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No wheelchair worries in London

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Posted Mar 09 2014, Posted By Ralph Jacobowitz

One of my housemates has MS and uses a power wheelchair to come into Soho. Last night we had a belated Christmas celebration in town, meeting up with other friends. It was my day off so I was at home. We headed out in the late afternoon, my housemate zipping along in his chair, me trying to keep up. I was astonished at how easily we made the journey. The bus to the overground had a ramp so there wasn’t any problem getting into the bus. When we reached the stop for the overground, daylight had faded and the driver didn’t realise that he had stopped with the exit door in front of a tree. Lots of people on the bus reacted immediately and let the driver know so he pulled forward to a clear space. My mate negotiated the train station with ease and the platform attendant couldn’t have been more courteous or helpful with the ramp into the train. He let the staff know at Victoria so that someone was there with a ramp.

Buying some food in the Victoria M&S and the bus into Soho were simplicity itself. Everyone was so terrifically helpful. I worried about having drinks at Compton’s in Soho, since my mate had had a bad experience in the past—bar staff rudely unhelpful, unable or unwilling to provide a ramp into the pub. If you’ve tried to attract a barman engrossed in pulling pints in a crowded bar, you’ll know that getting anyone’s attention is a chore. Not this time. This time, however, a barman immediately came outside. Our man fitted a portable ramp so that the power chair could make it up the steps into the pub. Five stars to Compton’s for training its staff!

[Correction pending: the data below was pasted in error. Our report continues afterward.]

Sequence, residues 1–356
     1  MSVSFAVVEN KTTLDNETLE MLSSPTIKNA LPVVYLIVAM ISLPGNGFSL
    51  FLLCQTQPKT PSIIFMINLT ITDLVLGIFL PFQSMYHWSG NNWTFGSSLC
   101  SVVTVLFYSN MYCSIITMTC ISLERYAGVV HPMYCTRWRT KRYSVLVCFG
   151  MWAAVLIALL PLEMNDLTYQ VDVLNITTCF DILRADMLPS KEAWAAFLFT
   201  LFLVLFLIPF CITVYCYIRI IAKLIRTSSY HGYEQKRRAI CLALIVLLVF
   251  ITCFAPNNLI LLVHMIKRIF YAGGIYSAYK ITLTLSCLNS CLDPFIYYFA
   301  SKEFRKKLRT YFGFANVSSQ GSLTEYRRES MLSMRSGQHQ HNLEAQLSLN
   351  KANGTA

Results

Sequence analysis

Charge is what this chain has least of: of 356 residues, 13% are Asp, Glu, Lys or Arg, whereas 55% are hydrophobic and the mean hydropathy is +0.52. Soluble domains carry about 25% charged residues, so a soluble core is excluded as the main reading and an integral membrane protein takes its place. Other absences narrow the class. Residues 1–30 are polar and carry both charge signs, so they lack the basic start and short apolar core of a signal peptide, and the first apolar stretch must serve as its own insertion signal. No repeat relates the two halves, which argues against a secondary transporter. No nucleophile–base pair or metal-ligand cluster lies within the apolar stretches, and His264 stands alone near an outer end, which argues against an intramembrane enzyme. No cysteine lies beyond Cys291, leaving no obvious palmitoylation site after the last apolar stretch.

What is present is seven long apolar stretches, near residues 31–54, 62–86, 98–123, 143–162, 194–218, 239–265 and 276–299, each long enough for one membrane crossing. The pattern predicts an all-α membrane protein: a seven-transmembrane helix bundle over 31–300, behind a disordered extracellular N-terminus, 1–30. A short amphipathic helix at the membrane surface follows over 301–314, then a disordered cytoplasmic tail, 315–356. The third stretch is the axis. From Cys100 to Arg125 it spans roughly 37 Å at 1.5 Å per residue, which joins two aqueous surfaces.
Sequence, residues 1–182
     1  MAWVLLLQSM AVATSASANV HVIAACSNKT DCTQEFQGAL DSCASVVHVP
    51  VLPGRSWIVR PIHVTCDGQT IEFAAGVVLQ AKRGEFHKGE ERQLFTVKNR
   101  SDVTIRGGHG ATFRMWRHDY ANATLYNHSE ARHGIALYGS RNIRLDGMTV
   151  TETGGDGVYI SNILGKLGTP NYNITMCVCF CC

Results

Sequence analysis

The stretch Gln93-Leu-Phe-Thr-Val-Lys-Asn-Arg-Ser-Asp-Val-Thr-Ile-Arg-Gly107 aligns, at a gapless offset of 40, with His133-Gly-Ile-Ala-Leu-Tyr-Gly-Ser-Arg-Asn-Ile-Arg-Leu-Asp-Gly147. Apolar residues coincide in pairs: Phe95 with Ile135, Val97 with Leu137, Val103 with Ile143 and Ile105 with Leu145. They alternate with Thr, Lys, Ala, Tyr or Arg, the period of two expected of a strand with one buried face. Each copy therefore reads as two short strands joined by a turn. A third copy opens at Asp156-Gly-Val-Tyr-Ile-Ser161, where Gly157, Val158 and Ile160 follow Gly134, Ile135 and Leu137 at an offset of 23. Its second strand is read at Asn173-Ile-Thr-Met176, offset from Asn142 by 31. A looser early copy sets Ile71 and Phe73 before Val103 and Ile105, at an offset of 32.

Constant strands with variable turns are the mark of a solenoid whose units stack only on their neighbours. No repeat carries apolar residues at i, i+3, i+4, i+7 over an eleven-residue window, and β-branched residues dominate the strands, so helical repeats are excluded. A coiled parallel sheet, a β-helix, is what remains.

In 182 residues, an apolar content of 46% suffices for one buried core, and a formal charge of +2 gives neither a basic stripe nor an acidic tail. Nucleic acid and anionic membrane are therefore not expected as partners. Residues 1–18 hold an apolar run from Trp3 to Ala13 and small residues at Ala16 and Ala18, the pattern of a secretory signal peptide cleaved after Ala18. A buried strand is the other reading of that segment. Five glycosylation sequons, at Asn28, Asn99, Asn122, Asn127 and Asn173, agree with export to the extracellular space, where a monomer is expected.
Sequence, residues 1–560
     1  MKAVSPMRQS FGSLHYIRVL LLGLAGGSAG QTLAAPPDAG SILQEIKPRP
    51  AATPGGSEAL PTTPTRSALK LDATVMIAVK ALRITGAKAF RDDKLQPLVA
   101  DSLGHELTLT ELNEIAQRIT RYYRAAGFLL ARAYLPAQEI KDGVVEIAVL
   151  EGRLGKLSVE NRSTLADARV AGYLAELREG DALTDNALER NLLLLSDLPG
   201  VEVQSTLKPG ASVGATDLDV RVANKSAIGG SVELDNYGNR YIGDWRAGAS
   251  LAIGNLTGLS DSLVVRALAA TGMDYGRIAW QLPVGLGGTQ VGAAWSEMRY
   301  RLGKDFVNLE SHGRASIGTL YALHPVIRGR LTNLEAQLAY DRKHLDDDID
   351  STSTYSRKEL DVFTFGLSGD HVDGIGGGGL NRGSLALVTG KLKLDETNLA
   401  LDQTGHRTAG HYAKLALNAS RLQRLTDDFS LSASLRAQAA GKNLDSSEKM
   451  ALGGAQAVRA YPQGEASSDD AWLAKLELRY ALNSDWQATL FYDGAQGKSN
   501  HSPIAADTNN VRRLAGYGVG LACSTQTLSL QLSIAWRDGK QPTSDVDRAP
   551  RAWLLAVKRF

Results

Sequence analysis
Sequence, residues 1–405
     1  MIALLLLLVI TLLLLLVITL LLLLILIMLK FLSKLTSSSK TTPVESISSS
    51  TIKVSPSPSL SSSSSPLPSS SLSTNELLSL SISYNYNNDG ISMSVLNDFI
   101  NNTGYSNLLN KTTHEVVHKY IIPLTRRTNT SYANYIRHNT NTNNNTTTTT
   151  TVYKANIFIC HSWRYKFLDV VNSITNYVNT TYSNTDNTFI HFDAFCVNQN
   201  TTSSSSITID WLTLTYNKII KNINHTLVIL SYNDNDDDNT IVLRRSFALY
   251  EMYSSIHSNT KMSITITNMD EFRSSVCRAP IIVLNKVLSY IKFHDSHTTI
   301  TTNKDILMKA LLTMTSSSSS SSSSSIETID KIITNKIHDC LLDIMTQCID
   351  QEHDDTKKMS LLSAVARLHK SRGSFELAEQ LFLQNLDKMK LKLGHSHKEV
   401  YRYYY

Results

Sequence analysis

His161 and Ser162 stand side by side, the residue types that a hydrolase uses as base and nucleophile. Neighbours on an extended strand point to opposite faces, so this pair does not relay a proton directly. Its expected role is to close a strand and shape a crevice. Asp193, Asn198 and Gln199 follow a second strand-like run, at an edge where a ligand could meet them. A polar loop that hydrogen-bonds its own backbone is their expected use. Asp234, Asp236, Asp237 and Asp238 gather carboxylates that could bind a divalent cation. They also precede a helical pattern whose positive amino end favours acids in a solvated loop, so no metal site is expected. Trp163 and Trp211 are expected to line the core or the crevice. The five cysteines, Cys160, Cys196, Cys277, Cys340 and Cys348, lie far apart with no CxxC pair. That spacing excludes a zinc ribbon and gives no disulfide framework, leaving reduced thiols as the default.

After preliminary drinks we went to Ronnie Scott’s for the National Youth Jazz Orchestra. Staff members at Ronnie Scott’s went out of their way to help. They had been advised of our arrival and needs in advance. The steps, and thus the ramp, were very steep, but three staff members helped push the chair. The evening was a great success: the food delicious, the waiter cute, helpful and fun. Jazz is not my first love, but I definitely enjoyed it. The orchestra and soloists played with virtuosity and exuberance.

On the trip home we encountered not a hitch. Bravo to London and Londoners for making huge advances in coping with people’s disability needs.

Posted By Ralph Jacobowitz
Category: Soho Confessions
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